About the Authors
Stuart Dreyfus,a native of Terre Haute, Indiana, earned a Ph.D. in applied mathematics and is a professor of industrial engineering and operations research at the University of California, Berkeley and Operations Research Department. While at the Rand Corporation he was a programmer of the JOHNNIAC computer. While at Rand he was coauthor, with Richard Bellman, of Applied Dynamic Programming. Following that work, he was encouraged to pursue a Ph.D. which he completed in applied mathematics at Harvard University in 1964, on the calculus of variations. He coauthored Mind Over Machine with his brother Hubert Dreyfus in 1986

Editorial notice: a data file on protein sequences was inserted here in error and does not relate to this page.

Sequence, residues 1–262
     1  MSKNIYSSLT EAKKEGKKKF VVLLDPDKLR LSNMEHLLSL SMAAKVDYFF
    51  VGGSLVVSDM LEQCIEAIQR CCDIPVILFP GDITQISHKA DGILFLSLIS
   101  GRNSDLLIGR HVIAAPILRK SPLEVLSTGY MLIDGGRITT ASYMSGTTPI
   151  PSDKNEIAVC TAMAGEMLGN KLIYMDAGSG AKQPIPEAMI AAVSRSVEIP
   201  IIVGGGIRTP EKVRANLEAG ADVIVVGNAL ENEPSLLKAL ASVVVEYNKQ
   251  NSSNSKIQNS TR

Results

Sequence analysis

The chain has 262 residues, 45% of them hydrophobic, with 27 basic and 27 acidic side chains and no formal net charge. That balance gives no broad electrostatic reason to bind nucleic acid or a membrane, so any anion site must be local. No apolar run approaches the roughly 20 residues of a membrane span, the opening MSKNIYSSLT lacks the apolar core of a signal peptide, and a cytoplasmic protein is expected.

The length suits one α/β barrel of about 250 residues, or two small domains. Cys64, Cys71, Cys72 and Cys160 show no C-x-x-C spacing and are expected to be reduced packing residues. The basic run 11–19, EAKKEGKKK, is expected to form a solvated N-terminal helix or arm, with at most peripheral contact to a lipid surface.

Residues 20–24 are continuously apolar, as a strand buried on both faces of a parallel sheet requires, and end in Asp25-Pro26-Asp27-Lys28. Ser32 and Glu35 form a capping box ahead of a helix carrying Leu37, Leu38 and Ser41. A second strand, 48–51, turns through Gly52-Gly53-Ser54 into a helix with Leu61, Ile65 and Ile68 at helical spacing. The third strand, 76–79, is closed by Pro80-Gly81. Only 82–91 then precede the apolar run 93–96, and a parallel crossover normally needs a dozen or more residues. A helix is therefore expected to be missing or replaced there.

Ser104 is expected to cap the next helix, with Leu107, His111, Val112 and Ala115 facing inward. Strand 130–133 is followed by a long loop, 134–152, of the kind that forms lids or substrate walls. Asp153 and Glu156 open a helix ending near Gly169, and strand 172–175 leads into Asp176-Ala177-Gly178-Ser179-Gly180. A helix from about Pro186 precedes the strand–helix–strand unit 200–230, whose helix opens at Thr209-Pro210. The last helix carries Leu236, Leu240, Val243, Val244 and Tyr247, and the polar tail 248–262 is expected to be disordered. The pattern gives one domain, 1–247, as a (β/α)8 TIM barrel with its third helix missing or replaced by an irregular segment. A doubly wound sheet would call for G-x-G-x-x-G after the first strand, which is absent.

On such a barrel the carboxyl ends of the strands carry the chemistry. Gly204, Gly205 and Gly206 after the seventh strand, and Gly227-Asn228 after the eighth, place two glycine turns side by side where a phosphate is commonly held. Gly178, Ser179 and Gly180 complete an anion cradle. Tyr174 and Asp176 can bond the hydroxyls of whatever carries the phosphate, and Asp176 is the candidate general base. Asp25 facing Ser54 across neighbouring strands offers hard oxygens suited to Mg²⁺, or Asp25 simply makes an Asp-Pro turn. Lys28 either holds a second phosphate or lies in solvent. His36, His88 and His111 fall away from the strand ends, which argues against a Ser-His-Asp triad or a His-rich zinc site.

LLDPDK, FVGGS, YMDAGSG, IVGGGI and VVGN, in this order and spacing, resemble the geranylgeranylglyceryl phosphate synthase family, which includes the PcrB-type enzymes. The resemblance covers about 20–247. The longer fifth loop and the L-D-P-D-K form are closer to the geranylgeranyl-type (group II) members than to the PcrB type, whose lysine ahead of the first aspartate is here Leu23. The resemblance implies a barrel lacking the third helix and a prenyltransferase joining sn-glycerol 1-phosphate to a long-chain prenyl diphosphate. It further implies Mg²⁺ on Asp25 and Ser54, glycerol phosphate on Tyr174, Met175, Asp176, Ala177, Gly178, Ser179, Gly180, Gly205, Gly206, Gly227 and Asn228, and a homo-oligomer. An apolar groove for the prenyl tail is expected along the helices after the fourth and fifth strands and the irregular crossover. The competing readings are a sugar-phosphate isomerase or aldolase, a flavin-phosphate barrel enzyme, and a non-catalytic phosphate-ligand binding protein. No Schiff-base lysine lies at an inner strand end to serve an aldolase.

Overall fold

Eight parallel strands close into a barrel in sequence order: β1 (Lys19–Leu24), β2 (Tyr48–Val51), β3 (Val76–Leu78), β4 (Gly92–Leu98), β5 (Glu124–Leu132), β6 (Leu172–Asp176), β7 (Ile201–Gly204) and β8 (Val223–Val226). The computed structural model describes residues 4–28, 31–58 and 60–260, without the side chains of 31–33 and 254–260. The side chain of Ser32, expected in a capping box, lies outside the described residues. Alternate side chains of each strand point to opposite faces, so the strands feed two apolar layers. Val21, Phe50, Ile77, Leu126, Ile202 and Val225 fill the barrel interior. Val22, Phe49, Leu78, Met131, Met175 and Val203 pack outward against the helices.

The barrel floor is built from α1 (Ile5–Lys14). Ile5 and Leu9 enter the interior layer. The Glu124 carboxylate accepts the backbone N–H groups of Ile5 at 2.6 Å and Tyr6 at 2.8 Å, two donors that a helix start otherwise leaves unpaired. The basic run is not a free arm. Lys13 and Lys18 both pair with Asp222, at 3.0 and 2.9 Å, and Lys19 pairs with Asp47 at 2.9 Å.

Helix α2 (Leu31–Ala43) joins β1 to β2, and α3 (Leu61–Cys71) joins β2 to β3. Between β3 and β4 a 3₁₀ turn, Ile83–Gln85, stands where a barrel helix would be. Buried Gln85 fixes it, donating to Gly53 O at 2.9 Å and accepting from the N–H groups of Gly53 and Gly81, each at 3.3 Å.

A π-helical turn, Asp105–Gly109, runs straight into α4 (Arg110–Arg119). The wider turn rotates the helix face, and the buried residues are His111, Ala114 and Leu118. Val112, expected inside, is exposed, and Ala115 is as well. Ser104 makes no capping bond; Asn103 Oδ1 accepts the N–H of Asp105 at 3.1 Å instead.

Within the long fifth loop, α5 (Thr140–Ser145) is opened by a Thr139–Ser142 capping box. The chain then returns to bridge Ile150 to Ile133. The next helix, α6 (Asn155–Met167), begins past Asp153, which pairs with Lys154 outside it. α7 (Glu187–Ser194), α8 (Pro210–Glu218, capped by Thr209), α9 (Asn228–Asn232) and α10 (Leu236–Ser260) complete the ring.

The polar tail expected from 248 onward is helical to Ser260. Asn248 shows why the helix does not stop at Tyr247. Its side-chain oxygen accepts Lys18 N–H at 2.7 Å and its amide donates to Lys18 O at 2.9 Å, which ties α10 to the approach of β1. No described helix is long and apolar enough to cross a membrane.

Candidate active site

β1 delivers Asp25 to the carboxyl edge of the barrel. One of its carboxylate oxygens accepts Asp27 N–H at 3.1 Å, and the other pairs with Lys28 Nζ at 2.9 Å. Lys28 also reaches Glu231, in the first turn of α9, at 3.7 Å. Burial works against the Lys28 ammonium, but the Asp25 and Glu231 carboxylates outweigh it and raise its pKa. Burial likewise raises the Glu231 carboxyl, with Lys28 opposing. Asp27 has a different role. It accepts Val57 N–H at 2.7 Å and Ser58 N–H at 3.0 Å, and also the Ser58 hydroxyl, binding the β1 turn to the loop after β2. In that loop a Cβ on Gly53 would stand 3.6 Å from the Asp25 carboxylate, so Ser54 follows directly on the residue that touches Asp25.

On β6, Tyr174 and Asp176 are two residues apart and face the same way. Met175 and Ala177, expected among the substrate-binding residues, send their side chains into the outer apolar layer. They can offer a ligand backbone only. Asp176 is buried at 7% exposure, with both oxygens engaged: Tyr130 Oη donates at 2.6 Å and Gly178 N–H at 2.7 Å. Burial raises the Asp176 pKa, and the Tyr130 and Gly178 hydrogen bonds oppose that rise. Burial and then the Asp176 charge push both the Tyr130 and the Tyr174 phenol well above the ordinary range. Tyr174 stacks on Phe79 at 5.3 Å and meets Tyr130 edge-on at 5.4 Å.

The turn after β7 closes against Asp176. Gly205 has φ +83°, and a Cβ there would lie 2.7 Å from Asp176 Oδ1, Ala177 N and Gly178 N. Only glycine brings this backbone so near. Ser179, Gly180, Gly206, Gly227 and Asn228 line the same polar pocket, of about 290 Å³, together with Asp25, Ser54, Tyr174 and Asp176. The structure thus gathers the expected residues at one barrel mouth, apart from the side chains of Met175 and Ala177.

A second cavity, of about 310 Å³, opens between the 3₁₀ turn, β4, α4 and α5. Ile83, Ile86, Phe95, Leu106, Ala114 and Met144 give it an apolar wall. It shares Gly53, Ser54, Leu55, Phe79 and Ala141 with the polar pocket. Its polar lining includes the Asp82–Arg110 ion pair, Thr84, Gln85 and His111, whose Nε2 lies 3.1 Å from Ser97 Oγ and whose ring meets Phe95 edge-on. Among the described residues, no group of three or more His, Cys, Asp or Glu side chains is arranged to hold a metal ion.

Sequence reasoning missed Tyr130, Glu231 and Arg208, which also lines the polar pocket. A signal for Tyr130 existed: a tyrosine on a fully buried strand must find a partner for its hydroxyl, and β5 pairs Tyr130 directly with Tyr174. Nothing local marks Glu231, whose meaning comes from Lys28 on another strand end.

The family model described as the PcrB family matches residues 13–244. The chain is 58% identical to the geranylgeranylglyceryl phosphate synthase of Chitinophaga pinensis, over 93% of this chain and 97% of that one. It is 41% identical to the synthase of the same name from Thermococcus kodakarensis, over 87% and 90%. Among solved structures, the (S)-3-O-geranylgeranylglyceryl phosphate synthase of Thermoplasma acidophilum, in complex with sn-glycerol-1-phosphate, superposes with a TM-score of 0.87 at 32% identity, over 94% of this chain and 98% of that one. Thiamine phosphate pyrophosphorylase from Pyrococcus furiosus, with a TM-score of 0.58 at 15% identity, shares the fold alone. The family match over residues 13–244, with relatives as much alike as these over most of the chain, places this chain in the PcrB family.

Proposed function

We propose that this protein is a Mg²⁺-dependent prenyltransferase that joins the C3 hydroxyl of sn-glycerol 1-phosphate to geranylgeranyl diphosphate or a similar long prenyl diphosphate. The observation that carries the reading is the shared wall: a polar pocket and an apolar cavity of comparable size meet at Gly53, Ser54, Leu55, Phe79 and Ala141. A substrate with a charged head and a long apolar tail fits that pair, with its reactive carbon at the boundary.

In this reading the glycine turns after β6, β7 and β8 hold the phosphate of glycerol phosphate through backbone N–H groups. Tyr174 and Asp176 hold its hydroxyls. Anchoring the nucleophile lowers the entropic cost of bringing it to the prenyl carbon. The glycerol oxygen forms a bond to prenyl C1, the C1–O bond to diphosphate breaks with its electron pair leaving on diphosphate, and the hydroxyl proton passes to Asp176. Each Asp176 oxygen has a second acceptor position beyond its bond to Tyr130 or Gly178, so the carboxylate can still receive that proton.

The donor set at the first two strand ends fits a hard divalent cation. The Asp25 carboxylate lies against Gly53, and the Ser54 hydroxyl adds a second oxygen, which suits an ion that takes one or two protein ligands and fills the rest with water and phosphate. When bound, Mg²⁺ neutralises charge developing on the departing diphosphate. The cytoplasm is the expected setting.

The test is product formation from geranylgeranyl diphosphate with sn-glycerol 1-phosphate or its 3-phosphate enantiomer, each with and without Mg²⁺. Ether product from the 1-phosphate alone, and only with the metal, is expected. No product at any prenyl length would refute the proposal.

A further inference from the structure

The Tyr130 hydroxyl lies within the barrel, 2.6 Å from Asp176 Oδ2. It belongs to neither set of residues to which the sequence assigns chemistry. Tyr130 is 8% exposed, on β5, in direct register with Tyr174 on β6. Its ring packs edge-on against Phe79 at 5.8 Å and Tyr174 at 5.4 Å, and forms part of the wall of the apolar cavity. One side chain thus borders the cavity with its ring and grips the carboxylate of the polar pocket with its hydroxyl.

Hubert Lederer Dreyfus (born October 15, 1929) is an American philosopher. He is a professor of philosophy at the University of California, Berkeley. His main interests include phenomenology, existentialism and the philosophy of both psychology and literature, as well as the philosophical implications of artificial intelligence. Dreyfus is known for his exegesis of Martin Heidegger, which critics labeled “Dreydegger”. Many of his students have gone to do work on themes related to Heidegger and phenomenology, including Charles Guignon, Mark Wrathall, Sean Kelly, John Haugeland, and John Richardson. Born in Terre Haute, Indiana to Stanley S. and Irene Lederer Dreyfus, Dreyfus was educated at Harvard University, earning three degrees there, with a BA in 1951, an MA in 1952, and a PhD in 1964, under the supervision of Dagfinn Føllesdal. He is considered a leading interpreter of the work of Edmund Husserl, Michel Foucault, and Maurice Merleau-Ponty, but especially of Martin Heidegger. His Being-in-the-World: A Commentary on Heidegger’s “Being and Time,” Division 1, is thought by many who have attempted to teach Heidegger to undergraduates to be the authoritative text on Heidegger’s most significant contribution to philosophy. He also co-authored Michel Foucault: Beyond Structuralism and Hermeneutics, translated Merleau-Ponty’s Sense and Non-Sense, and authored the controversial 1972 book What Computers Can’t Do, revised first in 1979, and then again in 1992 with a new introduction as What Computers Still Can’t Do. While spending most of his teaching career at Berkeley, Professor Dreyfus has also taught at Brandeis University (1957 to 1959), the Massachusetts Institute of Technology (from 1960 to 1968), the University of Frankfurt, and Hamilton College. His philosophical work has influenced Richard Rorty, Charles Taylor, John Searle, and his former student John Haugeland, among others. His critical comments on the existential phenomenology and subsequent dialectical philosophy of Jean-Paul Sartre may well have played a significant role in the demise of Sartre’s influence on recent thought. In 1965, while teaching at Massachusetts Institute of Technology, Dreyfus published “Alchemy and Artificial Intelligence”, an attack on the work of Allen Newell and Herbert A. Simon, two of the leading researchers in the field of Artificial Intelligence. Dreyfus not only questioned the results they had so far obtained, but he also criticized their basic presupposition (that intelligence consists of the manipulation of physical symbols according to formal rules), and argued that the AI research program was doomed to failure. In 1965, he spent time at the Rand Corporation, while work on artificial intelligence was in progress there. In addition to criticizing artificial intelligence, Dreyfus is well known for making the work of continental philosophers, especially Martin Heidegger, Maurice Merleau-Ponty, and Michel Foucault, intelligible to analytically trained philosophers.